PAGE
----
Hours after the last US plane left Kabul, marking the end of Afghanistan’s Twenty Years’ War, Joe Biden gave a televised speech to the American people. The ostensible aim was to justify his decision to leave and the manner in which it was conducted. But the President’s defiantly unapologetic apologia also contained the core of what may in future become known as the Biden Doctrine. It is this, rather than his self-justification, that repays analysis and reflection. For this insight into the thinking behind the abrupt exit from what he again called “the forever war” is loaded with significance not only for US policy, but for the future of the West.
“The fundamental obligation of a president, in my opinion, is to defend and protect America, not against threats of 2001, but against the threats of 2021 and tomorrow,” he declared. After Biden had insisted that he was not ending the war on terrorism, but merely updating the methods for prosecuting it, he turned to the other threats now facing the United States: “The world is changing. We’re engaged in serious competition with China. We’re dealing with the challenges on multiple fronts with Russia. We’re confronted with cyberattacks, and nuclear proliferation.” Biden does not see these new (or not so new) threats as an alternative to the war on terror. Insisting that “we can do both”, he argues that the war in Afghanistan was a hindrance rather than a help to fighting either. It’s unclear how this fits with the risk assessments of Western intelligence agencies, most of whom see the triumph of the Taliban as having inspired jihadis everywhere. As for Biden’s claim that he can now focus on China and Russia: that remains to be seen. The perception of an America in full retreat may even embolden the designs of Xi Jinping or Putin on their neighbours.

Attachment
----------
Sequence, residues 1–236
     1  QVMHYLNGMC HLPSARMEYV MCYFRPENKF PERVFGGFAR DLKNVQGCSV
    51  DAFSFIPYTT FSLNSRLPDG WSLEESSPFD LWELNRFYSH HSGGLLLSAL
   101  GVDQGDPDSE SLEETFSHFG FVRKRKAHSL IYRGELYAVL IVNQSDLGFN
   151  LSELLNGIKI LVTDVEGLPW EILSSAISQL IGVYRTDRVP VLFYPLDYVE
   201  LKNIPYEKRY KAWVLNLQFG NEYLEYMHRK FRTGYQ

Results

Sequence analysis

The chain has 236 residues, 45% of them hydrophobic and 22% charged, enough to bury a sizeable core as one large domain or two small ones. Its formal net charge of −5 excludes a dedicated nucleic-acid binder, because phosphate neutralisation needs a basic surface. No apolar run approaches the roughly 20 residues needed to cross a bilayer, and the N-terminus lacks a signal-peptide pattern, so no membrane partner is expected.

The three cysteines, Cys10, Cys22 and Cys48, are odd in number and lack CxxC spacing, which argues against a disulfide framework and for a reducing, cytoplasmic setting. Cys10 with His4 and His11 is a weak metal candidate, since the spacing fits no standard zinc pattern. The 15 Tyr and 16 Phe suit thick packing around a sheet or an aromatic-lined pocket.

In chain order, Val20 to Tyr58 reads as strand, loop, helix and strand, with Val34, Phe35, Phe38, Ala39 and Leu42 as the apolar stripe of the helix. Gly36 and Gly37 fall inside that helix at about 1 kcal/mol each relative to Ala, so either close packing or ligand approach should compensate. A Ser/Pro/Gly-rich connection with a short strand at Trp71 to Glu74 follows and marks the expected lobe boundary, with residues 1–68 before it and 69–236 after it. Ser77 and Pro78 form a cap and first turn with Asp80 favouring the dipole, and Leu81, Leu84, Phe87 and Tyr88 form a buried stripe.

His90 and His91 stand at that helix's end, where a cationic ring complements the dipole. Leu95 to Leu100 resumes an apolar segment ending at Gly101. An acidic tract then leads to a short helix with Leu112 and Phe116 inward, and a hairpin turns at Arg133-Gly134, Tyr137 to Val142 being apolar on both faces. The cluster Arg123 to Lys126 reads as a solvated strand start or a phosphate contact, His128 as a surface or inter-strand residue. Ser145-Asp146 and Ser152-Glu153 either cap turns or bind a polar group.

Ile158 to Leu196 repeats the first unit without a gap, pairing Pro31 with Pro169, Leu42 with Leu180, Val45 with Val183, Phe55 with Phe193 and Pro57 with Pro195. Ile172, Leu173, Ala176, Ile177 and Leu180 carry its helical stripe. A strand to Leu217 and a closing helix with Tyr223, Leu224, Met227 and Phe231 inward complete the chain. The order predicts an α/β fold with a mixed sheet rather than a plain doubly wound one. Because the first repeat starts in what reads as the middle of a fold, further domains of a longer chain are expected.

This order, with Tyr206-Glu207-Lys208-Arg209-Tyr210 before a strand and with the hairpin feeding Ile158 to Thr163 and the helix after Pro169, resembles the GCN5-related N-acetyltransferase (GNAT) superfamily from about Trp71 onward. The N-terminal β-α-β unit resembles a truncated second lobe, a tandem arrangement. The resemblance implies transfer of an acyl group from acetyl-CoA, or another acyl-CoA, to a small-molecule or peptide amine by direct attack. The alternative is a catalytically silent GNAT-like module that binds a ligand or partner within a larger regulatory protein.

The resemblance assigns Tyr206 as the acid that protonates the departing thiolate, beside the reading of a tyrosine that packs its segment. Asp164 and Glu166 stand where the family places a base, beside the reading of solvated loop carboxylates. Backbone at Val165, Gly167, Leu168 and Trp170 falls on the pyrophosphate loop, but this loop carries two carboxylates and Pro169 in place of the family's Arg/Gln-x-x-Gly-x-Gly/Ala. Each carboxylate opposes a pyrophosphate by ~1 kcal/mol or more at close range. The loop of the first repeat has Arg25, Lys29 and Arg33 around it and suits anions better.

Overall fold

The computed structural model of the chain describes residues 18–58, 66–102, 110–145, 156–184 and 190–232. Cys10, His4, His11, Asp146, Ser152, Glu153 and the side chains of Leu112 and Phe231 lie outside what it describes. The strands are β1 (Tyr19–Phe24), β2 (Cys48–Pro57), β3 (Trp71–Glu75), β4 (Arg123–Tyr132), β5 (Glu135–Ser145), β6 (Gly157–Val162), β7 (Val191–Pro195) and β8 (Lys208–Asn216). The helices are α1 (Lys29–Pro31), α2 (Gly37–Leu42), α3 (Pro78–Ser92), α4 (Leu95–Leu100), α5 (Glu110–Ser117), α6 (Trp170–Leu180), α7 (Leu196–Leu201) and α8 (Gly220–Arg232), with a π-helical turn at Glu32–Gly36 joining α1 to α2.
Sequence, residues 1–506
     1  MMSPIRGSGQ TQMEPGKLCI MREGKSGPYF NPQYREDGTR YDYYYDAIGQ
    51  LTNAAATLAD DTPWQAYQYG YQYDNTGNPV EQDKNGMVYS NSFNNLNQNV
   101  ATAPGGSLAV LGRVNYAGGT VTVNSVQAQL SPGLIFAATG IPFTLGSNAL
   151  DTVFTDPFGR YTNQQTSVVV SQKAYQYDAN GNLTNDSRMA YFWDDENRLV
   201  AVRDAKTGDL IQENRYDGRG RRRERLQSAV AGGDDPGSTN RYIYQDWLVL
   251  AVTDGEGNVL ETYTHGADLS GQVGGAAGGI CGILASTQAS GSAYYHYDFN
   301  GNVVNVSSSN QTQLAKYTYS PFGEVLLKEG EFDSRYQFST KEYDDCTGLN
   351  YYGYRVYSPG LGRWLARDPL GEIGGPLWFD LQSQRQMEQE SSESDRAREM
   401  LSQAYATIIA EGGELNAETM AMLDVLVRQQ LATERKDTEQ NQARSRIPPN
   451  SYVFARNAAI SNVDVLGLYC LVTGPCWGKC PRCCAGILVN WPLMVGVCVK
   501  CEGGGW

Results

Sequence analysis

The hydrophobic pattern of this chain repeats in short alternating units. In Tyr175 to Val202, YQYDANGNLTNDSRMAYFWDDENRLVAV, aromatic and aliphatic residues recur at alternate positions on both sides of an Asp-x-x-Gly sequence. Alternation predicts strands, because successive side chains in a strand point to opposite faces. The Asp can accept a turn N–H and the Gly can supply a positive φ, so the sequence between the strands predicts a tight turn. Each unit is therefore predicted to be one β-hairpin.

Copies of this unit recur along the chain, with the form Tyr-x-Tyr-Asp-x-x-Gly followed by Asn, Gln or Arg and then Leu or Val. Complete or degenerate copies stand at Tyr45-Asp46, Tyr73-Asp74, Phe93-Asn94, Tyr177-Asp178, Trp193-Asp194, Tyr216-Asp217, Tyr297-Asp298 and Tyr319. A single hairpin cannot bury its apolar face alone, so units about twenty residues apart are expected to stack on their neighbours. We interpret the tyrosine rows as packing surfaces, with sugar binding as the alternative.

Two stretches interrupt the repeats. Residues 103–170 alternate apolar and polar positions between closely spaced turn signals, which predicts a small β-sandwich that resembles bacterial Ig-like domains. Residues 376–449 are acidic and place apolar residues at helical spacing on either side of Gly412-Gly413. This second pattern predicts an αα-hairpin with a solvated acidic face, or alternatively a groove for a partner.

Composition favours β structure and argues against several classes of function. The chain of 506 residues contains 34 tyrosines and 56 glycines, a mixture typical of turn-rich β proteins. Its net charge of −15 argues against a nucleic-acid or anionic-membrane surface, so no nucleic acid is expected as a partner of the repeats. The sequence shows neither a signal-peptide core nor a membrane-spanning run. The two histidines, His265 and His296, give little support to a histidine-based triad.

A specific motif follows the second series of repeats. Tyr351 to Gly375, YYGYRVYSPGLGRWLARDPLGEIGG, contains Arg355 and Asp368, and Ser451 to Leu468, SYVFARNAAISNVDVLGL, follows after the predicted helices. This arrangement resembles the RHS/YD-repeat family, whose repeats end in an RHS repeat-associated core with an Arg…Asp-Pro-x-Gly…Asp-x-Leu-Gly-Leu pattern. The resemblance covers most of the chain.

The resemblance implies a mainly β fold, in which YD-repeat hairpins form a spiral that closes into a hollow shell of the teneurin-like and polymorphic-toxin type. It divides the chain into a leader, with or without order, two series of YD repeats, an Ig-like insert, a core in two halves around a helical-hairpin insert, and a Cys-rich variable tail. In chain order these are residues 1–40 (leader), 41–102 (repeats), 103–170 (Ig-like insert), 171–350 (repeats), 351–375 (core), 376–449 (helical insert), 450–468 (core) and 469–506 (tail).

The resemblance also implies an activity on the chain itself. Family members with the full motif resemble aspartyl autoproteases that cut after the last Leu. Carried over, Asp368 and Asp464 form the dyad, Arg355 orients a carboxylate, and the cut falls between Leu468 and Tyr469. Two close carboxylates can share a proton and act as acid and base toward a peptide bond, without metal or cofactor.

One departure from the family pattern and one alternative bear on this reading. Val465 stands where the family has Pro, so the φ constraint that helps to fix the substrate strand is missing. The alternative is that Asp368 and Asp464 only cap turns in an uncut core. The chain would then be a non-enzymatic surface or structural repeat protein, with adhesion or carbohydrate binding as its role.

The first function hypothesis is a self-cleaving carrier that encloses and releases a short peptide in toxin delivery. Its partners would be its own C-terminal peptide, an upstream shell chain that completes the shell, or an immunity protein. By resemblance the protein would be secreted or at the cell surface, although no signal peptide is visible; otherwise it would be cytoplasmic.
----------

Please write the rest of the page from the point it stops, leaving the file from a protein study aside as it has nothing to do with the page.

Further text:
Nothing daunted, Biden presses on to articulate the principles underlying his foreign policy. He identifies two “paramount” mistakes of the past two decades from which lessons must learned. “First, we must set missions with clear achievable goals, not ones we’ll never reach. And second, we must stay clearly focused on the fundamental national security interests of the United States of America.”
For Biden, anything that smacks of “nation-building”, let alone spreading democracy around the world, by the use of “large-scale troop deployments” is to be avoided at all costs. This “mindset” — whether it be defined as “liberal internationalism” or “neoconservative interventionism” — is now anathema to the Biden Administration.
Biden concludes his remarks with a moving and personal tribute to the sacrifices made by US troops. “I don’t think enough people understand how much we’ve asked of the one per cent of this country who put that uniform on, willing to put their lives on the line in defence of our nation.” He mentions his son Beau, who died of natural causes after a year’s service in Iraq, and his own experience of US forces around the world over a long career in politics. And then he adds: “A lot of our veterans and their families have been through hell.” He cites “the shocking and stunning statistic” that 18 veterans commit suicide every day in America. A grim note to end on, but one that Biden knows will resonate with countless relatives of those who returned from active service with post-traumatic stress syndrome or other mental illnesses. He quotes Lincoln’s memorable phrase about the dead, who gave “their last full measure of devotion”. Yet Lincoln, like every other president before and since, took it for granted that Americans would make that ultimate sacrifice for their country. Biden is almost certainly the first to have made his foreign policy conditional on not placing servicemen and women in harm’s way, at least by implication. The message this sends to the enemies of the United States is that they only have to inflict enough casualties, physical and mental, to bring about another Saigon or Kabul.